Next, storyboarding helps create customer journey maps of your target personas. It’s important to remember that your product users and your product purchasers may not be the same people, and therefore you will have to cater both your product design and marketing efforts differently depending on which audience you’re trying to reach. Work with your team and narrow down a few key buyer personas. Step into their shoes and walk through what you think their process would be, step-by-step, when it comes to realizing what problem they have, looking for a solution, purchasing your product, and finally seeing positive results from the product implementation. Creating a customer journey map storyboard allows developers to experience the product discovery and purchasing process, which in turn can maximize your conversion rate.

Finally, it’s time to dig into the actual UX/UI of the product. When developing a product’s functionality and flow, it’s easy to either miss essential steps that we chalk up in our own heads as “automatic” or do the opposite and get carried away and create superfluous user required actions. Creating a storyboard allows product developers to easily walk through a sample UX step-by-step. The exercise points out holes and problems, where a user might get lost in the process or wasteful steps that may decrease conversion rate.

a six-panel storyboard highlighting the product UI screens and user class=

Much like low-fidelity prototyping tools, storyboards can show product screens and key user flows.

Storyboards are a low investment activity and are easy to iterate, manipulate, and pivot based on feedback from coworkers or user testing. It’s easy to create a few UX examples and work with the product design team to decide which one is the simplest, most streamlined, and will lead to the highest possible conversion rate.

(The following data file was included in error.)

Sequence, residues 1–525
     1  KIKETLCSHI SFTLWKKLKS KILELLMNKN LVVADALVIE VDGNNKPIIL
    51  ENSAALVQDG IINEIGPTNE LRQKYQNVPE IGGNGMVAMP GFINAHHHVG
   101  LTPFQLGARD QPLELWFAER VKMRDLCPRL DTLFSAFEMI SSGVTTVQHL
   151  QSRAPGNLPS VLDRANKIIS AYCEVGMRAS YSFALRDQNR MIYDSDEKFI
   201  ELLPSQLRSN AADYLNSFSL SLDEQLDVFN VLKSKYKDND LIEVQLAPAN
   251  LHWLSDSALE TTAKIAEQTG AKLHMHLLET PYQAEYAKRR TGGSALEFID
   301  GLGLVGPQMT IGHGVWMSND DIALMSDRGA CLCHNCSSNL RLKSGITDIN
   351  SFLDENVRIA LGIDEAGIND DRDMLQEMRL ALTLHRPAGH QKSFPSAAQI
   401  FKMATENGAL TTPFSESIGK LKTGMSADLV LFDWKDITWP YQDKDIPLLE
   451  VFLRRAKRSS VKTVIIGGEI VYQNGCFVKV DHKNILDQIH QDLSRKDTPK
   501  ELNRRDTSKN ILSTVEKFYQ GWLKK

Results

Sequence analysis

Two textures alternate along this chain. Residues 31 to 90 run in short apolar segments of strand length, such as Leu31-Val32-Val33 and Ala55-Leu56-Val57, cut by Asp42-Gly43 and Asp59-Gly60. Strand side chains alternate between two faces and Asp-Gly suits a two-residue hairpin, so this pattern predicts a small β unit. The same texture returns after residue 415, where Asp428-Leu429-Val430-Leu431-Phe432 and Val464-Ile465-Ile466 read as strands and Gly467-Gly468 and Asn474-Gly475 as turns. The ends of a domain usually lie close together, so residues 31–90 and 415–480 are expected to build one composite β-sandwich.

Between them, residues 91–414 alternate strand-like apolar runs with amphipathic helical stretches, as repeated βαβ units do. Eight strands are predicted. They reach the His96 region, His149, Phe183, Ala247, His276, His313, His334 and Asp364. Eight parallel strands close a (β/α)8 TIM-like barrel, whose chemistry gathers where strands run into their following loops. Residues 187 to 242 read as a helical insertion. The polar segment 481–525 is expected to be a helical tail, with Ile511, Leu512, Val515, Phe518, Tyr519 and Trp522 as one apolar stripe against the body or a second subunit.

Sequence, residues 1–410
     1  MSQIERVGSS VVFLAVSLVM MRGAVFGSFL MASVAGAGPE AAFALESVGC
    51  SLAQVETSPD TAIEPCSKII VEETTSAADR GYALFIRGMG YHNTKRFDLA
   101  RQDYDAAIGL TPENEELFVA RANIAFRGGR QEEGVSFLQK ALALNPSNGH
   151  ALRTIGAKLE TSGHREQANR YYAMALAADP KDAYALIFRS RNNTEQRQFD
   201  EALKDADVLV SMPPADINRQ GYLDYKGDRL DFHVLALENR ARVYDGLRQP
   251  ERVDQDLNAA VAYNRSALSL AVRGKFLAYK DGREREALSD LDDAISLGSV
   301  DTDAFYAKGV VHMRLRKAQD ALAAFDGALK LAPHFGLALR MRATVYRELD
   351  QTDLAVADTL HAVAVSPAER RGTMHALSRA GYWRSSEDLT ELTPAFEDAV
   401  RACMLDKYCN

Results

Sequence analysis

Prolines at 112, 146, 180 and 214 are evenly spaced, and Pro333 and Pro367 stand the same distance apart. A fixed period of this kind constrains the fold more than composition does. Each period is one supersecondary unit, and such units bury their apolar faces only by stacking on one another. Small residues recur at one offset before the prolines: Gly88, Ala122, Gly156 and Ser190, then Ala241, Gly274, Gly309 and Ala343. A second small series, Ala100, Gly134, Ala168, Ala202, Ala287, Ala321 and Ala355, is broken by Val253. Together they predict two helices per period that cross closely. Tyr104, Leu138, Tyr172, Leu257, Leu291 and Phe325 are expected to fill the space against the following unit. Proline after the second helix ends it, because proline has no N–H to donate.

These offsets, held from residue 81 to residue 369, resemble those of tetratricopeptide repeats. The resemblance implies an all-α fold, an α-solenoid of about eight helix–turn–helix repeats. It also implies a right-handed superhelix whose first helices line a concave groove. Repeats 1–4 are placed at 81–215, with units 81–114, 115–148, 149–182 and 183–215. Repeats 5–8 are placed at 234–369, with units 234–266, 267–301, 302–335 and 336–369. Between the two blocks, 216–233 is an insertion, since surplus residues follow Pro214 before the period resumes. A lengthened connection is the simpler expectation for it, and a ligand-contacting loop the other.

How to Get Started

Here are some guiding questions to help you create storyboards for each of the three essential product development milestones:

Creating a product vision:

  • What problem are my target users currently experiencing?
  • What would help alleviate this problem?
  • How will my product provide this form of problem alleviation?
  • What does a “happy user” look like?

Creating a customer journey map for key user personas:

  • Who would be buying my product? How old are they? What is their professional background? What are their motivations (both personal and professional)?
  • What problem are my buyers currently experiencing?
  • How would they come across my product as a solution?
  • What problems would they face when either trying to purchase my product, or implement it in their business?
  • What would success from our product look like from our buyer’s perspective?

Creating a user experience flow:

  • Where do you want your users to land?
  • What is the “hook” that will stop them from bouncing on your page?
  • Do you need different landing pages for different types of users?
  • How can you capture their contact info so your sales team can follow up on a lead?
  • Are all the steps necessary? Can you cut any out to streamline the flow and increase conversion rate?
  • Is there a clear and obvious way for the users to purchase the product?

Keeping these guiding questions in mind, it’s time to start creating. Create a storyboard from scratch or use a premade template like the one below to help you get started. Play around with different ideas and discuss with coworkers across departments. Iterate your storyboards until consensus has been reached and everyone clearly understands the action items for starting the product development process. Make sure to keep your storyboards handy and constantly update them throughout the design process. As ideas change and grow so should your storyboards!

a six-panel storyboard class=

Get started by using a template.